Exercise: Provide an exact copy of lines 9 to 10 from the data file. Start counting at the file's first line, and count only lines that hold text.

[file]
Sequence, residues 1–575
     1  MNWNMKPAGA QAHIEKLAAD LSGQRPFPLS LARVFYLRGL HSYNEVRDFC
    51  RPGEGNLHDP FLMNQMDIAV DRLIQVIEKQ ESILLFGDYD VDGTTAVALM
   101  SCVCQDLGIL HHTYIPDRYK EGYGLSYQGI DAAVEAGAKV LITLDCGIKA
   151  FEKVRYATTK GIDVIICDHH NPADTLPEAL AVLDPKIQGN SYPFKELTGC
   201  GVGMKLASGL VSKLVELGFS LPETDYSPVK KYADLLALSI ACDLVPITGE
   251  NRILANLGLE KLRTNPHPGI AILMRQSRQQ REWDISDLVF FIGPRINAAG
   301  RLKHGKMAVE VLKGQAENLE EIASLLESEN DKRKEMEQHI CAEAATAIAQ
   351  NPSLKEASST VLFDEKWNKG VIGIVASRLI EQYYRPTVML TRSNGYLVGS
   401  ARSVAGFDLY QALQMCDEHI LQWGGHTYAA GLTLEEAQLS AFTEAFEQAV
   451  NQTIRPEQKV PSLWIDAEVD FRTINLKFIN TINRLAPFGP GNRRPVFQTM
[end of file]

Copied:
   351  NPSLKEASST VLFDEKWNKG VIGIVASRLI EQYYRPTVML TRSNGYLVGS
   401  ARSVAGFDLY QALQMCDEHI LQWGGHTYAA GLTLEEAQLS AFTEAFEQAV